Image Rights contracts can be enforced even when not signed

Ivan Ojakol. 

What you need to know:

n an outstanding remuneration matter before the Fifa Dispute Resolution Chamber (DRC), a player was employed by a club and entered into an employment contract with them.

I landed on an interesting decision on “image rights” during my routine reading on Sports Law matters. The import of this decision I thought must be shared with the readers of this column and should inform sports stakeholders on how to navigate this sticky area.

In an outstanding remuneration matter before the Fifa Dispute Resolution Chamber (DRC), a player was employed by a club and entered into an employment contract with them. He also negotiated an image rights contract separately which was offered to the club but not countersigned by them. He alleged that the benefits contained in the employment offer were the same as those in the image rights one and thus, the image rights contract was a part of the employment relationship with the club, even if it was not signed by them and therefore binding. He also added that the club had acted in bad faith by not signing the image rights contract.

In reply, the club argued that there was no image rights contract agreed upon or even signed. They justified their not signing the image rights contract because the player had not disclosed his previous medical condition status. The club also contested the jurisdiction of the DRC to handle a matter pertaining to an unsigned contract. The player disputed this "medical condition" stance invoked by the club as their defense by stating that if the club indeed had reservations about his medical condition, it would not have signed him in the first place.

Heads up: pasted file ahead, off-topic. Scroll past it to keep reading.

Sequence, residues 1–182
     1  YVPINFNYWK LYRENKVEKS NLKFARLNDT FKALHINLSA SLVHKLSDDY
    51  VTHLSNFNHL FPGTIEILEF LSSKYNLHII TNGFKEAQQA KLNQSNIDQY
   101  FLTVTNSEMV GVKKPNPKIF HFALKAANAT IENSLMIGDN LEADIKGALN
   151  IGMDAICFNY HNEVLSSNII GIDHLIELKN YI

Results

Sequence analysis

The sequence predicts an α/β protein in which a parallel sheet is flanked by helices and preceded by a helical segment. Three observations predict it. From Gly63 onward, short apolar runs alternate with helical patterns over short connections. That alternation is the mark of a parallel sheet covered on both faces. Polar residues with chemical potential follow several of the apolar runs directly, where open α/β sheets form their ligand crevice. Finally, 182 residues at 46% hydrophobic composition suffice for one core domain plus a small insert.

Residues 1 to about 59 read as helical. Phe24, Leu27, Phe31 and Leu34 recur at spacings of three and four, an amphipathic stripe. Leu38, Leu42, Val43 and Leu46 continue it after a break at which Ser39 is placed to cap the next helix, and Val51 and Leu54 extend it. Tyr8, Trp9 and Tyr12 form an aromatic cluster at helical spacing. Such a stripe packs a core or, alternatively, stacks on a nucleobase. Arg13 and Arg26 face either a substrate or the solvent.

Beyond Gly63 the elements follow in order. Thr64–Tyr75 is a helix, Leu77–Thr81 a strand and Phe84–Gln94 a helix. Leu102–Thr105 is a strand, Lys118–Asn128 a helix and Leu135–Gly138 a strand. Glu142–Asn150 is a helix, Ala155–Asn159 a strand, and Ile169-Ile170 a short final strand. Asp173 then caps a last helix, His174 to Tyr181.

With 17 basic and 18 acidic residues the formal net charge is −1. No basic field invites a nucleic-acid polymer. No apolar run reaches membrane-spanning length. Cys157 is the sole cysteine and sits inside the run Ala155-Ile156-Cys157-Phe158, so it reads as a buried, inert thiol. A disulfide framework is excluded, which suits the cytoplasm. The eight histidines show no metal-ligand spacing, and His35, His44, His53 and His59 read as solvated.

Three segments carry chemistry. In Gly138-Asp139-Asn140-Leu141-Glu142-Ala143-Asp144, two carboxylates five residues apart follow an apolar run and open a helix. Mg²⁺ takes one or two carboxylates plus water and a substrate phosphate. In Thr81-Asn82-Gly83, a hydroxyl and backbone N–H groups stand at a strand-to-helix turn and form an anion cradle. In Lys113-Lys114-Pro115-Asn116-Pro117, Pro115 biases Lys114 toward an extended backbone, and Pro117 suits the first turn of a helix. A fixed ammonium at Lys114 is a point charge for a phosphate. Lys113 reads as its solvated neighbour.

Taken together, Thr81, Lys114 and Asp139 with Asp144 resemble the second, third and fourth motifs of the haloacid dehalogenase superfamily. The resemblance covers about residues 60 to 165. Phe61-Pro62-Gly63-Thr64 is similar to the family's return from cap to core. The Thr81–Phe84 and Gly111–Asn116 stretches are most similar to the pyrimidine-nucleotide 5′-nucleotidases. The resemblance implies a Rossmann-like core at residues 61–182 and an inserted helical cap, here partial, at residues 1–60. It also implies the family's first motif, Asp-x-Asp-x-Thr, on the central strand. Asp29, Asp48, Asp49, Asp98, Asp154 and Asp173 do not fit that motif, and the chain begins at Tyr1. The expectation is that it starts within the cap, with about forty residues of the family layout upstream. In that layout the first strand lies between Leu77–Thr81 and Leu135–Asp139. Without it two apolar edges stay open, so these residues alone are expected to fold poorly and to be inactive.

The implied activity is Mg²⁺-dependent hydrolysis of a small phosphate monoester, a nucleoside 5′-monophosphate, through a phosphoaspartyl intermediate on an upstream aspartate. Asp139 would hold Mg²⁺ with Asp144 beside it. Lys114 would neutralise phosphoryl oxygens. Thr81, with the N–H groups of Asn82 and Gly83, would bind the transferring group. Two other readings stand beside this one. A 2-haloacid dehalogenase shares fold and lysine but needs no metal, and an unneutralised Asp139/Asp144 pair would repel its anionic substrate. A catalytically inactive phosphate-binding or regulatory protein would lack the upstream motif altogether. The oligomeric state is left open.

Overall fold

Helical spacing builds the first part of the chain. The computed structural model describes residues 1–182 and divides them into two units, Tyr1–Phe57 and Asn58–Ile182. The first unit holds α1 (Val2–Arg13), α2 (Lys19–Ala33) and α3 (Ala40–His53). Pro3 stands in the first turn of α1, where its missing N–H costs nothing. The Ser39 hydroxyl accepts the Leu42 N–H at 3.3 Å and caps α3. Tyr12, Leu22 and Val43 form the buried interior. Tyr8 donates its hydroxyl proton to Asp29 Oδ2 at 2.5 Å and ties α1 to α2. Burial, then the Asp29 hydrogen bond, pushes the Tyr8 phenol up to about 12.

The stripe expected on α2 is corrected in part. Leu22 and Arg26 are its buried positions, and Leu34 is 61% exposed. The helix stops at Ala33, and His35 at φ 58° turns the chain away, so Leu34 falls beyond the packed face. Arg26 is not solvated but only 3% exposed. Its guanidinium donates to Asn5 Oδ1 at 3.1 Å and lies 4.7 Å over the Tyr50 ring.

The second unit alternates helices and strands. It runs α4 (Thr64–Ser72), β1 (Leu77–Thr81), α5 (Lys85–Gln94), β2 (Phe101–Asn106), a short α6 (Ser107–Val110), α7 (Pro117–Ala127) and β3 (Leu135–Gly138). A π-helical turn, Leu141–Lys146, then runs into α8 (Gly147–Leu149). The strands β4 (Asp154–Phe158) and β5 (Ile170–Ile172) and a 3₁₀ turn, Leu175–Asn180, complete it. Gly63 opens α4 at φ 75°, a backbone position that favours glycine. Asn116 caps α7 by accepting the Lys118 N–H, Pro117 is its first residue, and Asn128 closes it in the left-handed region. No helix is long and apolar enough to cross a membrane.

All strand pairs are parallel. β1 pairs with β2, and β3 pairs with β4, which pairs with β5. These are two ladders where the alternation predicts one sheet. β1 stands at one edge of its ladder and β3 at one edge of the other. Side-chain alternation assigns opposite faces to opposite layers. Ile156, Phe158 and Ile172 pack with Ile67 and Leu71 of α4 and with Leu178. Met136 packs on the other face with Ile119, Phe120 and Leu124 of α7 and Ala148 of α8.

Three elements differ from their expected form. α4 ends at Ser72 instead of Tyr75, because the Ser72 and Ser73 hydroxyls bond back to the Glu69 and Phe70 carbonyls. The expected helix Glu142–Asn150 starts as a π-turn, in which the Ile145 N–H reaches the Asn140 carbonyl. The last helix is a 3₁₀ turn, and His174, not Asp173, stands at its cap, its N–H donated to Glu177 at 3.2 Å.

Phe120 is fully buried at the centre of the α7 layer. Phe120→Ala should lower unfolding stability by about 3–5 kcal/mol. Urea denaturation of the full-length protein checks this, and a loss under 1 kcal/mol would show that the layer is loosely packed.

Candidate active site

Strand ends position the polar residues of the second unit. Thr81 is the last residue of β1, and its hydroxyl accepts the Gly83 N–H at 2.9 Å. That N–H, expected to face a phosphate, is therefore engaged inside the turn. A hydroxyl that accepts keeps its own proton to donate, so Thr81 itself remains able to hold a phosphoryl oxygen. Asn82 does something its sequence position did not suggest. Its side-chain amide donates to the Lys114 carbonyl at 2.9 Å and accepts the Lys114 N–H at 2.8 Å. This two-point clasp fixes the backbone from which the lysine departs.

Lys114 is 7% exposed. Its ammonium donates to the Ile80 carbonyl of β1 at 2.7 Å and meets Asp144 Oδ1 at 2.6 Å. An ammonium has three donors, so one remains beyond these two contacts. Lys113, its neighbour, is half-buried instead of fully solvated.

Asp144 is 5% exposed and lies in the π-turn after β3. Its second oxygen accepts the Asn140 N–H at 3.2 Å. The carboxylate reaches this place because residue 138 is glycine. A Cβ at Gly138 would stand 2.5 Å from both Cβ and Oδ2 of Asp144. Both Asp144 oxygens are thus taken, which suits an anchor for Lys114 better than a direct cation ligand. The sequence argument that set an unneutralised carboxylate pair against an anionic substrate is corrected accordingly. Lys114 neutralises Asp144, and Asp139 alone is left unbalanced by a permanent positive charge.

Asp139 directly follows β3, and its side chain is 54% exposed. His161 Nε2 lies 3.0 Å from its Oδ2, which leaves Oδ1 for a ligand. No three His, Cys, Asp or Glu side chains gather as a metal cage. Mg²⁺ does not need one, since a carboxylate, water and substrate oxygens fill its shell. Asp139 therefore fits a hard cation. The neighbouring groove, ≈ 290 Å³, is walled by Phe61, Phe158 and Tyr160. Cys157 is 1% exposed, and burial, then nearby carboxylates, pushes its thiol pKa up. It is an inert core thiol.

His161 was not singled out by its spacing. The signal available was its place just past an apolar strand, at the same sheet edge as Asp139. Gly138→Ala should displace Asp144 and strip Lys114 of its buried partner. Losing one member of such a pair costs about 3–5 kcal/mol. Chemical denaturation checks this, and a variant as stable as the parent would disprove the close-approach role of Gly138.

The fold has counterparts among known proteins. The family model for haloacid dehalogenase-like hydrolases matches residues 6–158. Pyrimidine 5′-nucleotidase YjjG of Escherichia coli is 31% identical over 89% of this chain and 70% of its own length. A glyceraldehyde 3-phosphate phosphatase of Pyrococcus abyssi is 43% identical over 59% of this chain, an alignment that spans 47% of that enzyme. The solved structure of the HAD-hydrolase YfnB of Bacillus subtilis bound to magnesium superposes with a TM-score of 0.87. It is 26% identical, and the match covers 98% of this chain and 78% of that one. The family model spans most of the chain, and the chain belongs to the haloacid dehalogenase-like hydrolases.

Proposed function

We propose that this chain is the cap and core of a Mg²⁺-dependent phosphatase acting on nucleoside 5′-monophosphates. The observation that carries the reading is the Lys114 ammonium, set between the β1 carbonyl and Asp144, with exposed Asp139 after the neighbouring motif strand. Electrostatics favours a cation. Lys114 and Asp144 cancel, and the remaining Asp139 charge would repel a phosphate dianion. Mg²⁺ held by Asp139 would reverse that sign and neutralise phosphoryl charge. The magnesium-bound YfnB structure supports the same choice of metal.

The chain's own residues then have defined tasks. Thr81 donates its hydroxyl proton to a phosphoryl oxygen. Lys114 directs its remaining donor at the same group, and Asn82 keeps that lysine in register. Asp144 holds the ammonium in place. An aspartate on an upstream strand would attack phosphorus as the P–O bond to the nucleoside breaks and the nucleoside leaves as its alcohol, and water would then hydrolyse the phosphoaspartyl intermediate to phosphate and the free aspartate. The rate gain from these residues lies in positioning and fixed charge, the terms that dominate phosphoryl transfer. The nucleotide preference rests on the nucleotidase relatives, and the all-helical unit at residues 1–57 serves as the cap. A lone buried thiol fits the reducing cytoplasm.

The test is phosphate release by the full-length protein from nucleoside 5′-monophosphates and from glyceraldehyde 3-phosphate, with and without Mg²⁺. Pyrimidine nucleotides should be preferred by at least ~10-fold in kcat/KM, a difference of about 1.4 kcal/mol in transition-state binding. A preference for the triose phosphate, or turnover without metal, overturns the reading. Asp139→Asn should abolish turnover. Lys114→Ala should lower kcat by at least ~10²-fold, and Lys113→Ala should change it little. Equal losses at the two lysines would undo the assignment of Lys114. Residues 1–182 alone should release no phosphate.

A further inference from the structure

From Fifa and Cas jurisprudence over the years, there seems to be a common position that image rights contracts should not be handled by sports tribunals because they are more of Intellectual Property issues that can be competently handled by national courts. However, in this particular case, the Fifa DRC Single Judge determined that in a situation as this one, where "specific elements of the alleged image rights agreement suggest that it was in fact meant to be part of the actual employment relationship”, the Fifa DRC has jurisdiction. The image rights contract in this case had stipulations on things like bonuses and accommodation, for example, provisions that are typically in employment contracts.

Even though the employment contract as is traditionally stated in such contracts stated that the contract constituted the entire agreement between the parties and superseded any other agreement concluded between them, there had been an earlier employment offer that spelled out that the image rights deal would be a part of the employment relationship. Further, the DRC found that the amounts in the employment contract and those in the image rights contract were the same.

Finally, taking into account all the circumstances and all the facts surrounding the player and club's dealings, in as much as it is trite that for a contract to be valid and binding, the signature of the parties is paramount, the DRC concluded that it is not the sole requirement. A comprehensive analysis and understanding of all the facts surrounding the parties’ relationship should take the day. So, the image rights agreement was binding on the club.

There are major takeaways from this case. Sports tribunals can adjudicate image rights matters in cases where they can be construed as more or less an extension of the employment contract. The entire employment relationship and facts surrounding it will come in handy when determining whether the parties are bound by image rights contracts even where they are not signed. The parties, especially clubs, must be careful in the negotiation and drafting of employment offers-cum-contracts, otherwise, they risk shooting themselves in the proverbial foot.

The author is a Sports Lawyer,

Partner at Matrix Advocates and Lecturer


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